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There are times where an individual may need a modification or adjustment to a job because of their disability to allow them to work. This could include changes to the work environment, or the way things usually are done which enables them to effectively work. These are called accomodations.

Individuals can receive an accommodation when applying for a job, for the job interview, training, and in the actual employment. Accommodations must be related to a medical or disability limitation.

Fact : 56% of accommodations cost nothing. (Source: JAN Factsheet "Workplace Accommodations: Low Cost, High Impact"

Types of Accommodations

Below you'll find examples of broad types of accommodations made for individuals with disabilities. This is not an exhaustive list of accommodations as they are individualized for each person's needs. For amore precise list of possible accommodations based on disability type, visit the Job Accommodation Network's (JAN) Searchable Online Accommodation Resource (SOAR).

  • Job restructuring is altering when and/or how a task is performed or giving others marginal tasks that you're unable to perform because of a disability.
  • Allowing time off (paid or unpaid) if required because of your disability. An employer does not have to provide paid leave beyond which is given to other employees in your same job.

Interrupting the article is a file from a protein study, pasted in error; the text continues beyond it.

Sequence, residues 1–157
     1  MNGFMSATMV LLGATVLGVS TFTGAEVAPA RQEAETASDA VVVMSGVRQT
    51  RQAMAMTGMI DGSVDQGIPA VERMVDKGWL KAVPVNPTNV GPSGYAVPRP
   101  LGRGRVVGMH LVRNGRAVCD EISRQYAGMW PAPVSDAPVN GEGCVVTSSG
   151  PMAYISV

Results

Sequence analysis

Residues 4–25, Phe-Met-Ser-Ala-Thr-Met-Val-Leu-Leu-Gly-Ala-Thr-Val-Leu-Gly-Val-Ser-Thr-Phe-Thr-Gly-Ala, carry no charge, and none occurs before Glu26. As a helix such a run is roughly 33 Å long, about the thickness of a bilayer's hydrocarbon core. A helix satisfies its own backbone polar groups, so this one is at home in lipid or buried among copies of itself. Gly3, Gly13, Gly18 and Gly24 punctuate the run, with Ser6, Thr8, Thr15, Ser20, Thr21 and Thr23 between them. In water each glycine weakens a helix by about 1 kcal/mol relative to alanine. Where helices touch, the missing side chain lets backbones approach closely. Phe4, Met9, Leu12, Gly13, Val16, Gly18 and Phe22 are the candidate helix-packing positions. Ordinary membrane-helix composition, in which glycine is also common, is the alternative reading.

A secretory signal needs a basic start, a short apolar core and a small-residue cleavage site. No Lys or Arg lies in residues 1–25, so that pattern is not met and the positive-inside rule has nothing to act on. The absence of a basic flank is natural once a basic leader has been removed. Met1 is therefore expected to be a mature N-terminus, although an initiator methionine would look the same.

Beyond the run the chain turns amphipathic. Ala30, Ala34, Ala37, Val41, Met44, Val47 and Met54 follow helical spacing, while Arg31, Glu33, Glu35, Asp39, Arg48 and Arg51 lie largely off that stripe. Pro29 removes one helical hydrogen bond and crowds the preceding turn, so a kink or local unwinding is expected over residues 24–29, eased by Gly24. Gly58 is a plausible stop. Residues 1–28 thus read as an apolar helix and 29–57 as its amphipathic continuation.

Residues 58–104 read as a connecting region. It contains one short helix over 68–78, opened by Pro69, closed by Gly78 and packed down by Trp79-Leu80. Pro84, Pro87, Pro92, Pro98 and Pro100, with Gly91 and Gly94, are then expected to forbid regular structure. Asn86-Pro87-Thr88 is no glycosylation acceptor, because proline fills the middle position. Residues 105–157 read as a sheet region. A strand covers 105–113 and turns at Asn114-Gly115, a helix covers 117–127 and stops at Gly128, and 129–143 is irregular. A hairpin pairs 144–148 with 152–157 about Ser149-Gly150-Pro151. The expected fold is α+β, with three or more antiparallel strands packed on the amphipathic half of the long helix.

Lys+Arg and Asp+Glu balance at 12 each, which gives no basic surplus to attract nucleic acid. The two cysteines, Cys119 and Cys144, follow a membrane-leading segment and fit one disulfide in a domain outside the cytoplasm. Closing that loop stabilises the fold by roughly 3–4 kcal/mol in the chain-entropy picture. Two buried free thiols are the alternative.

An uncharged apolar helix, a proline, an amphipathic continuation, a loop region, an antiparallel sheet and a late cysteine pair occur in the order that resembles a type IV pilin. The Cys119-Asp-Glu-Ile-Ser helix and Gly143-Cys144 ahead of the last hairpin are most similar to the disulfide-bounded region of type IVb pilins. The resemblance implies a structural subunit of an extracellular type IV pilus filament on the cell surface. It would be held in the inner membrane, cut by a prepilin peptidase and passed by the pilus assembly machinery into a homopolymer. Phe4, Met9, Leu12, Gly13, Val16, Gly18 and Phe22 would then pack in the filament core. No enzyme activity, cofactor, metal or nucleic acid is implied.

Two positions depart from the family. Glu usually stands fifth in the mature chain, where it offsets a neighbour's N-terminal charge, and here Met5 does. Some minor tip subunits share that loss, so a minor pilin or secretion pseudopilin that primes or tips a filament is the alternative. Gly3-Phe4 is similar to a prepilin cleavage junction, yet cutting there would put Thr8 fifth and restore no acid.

• Modified or part-time schedule can be a reasonable accommodation by allowing you to adjust starting or end times, providing breaks, altering when functions are performed.

Requesting an accommodation

If the applicant or employee needs an accommodation, the individual or representative must let an employer know that they need an adjustment or change at work for a reason related to a medical condition.
  • Requests may be in plain language; requests do not need to mention the ADA or use the phrase "reasonable accommodation"
  • Requests don't need to be made in writing
  • Requests should be acted upon by the employer in a timely manner



  • The employer may request reasonable documentation of an employee's disability, and the need for an accommodation.
  • Documentation is limited to that needed to establish that the individual has a disability that requires a reasonable accommodation, not the individual's entire medical record.
  • Documentation should come from an appropriate health care or rehabilitation professional.
More information available from (Enforcement Guidance: Reasonable Accommodation and Undue Hardship Under the Americans with Disabilities Act from the Equal Employment Opportunity Commission.

Technical Assistance

Technical assistance is available to individuals and organizations to identify accommodations or technology appropriate to an individual’s needs.

The Job Accommodation Network (JAN)

The Job Accommodation Network provides a wealth of resources for employers and individuals via the JAN website. They also provide training and free consulting services for employers of any size.

Maine CITE Coordinating Center

The Maine CITE Coordinating Center helps Maine people obtain and use the assistive and universally designed technology they need. Assistive technology is equipment or devices that make it easier for people to live more independently, work at a job, study at school or play with friends. It provides services that help someone choose and learn to use the devices best for them.

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